The design of the modern tablet—all touch screen—is also extremely intuitive, especially when paired with touch-friendly operating systems, be it Windows 8, Android, or iOS. The icon-heavy designs are very easy for tech-newcomers to figure out, and gestures like swiping from one screen to the next are far easier to grasp than tapping Windows keys or navigating a file tree. Many tablets support some level of multitasking, allowing you to run one or more apps in the background while working in another, but the full-screen focus of most tablets is also seen as a distraction-free alternative to the multitasking of Windows.

The small size of tablets also make them more mobile. While laptops maybe be portable, easily packed along in a laptop bag, tablets are truly mobile, tailored for use while in motion instead of sitting stationary. The smaller form factor also makes it more comfortable to use the device casually. A tablet can be used at the library, but also on the subway, in the kitchen, on the couch, in bed, and everywhere in between. The small screens are also well-suited to personal media consumption, whether it's watching shows and movies or reading an ebook or website.
Tablets also offer excellent battery life. This efficiency is the flipside of the processing issue--smaller, less powerful mobile processors are also more battery efficient, sipping at a battery for hours longer than even a long-lived laptop.
Where laptop PCs deal in software, tablets are all about apps, providing a user experience tailored to the use of a touch screen, and blending always-on data connectivity with the unique capabilities of a mobile device, taking advantage of touch input, motion sensors, GPS data, and built-in cameras. Apps are also generally less expensive than PC software, with a large selection available completely free.

While laptops offer all sorts of options for file support and available programs, the process of buying and consuming digital media is often simpler on a tablet than anywhere else. Broadcasters and movie studios are bending over backwards with apps and services that put their content into the hands of iOS and Android users, and digital distribution through iTunes, Amazon, and Google Play have supplanted many of the traditional outlets as the go to source for media.  If your daily computer use revolves around the internet and social media, streaming services like Spotify and Netflix, and only light productivity, then you may be able to make do with a tablet alone.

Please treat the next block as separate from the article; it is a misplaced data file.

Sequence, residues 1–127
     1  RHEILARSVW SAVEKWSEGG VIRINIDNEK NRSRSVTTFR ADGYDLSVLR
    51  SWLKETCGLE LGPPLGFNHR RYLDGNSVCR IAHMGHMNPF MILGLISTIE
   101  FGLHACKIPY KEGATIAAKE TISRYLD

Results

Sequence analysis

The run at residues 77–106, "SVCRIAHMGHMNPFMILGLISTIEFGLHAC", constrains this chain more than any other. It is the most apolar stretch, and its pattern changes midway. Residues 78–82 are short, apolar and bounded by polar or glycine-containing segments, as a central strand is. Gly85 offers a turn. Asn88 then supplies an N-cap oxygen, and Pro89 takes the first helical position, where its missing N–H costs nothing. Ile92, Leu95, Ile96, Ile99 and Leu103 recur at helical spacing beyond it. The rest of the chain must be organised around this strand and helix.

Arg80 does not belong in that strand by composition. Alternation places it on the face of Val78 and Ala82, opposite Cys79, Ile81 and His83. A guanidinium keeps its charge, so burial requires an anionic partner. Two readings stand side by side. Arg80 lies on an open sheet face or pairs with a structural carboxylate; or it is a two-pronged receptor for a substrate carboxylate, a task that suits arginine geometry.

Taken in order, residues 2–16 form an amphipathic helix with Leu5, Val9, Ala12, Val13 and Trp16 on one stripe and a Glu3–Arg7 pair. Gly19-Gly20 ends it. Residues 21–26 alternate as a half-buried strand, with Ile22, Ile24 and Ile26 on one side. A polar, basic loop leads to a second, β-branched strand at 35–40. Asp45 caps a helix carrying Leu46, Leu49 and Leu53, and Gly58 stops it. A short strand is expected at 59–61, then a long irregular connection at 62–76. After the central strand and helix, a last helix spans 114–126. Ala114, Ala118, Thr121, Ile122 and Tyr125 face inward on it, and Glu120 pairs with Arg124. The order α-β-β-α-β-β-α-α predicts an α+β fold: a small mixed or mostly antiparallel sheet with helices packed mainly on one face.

Hybrids are being looked by some manufacturers as the best of both worlds. Intel has spent a lot of money promoting an array of two-in-one devices, with small laptops with detachable tablets, like the HP Envy X2 (11-g012nr) around $740 or the Lenovo ThinkPad Helix around $1,560, and convertible designs that flip and fold between the two, like the Lenovo IdeaPad Yoga 11S $999 or the Dell XPS 12 $1,100. These laptop/tablet hybrids are made to close the gap between laptop capabilities and tablet convenience, and the new hybrid category will only get better over time as technologies improve and designs are refined. 

And yes, maybe we All Just Get Along! Though there are clear reasons to favor one device over the other for certain specific uses, the laptop versus tablet debate is a false one. In today's connected world, there isn't really an either-or decision to be made—laptops and tablets may be best used together, as companion devices.

The ideal setup will vary from one person to the next, but many shoppers who make the decision to forgo a laptop or skip the whole tablet thing find themselves butting up against the simple reality that there is no one device that is best for everything. Tablets and laptops are really designed to be companion devices, sharing files via cloud storage and allowing you to take your Web-connected life everywhere.

Adapted from Brian Westover’s PC-Mag article, 8/22/13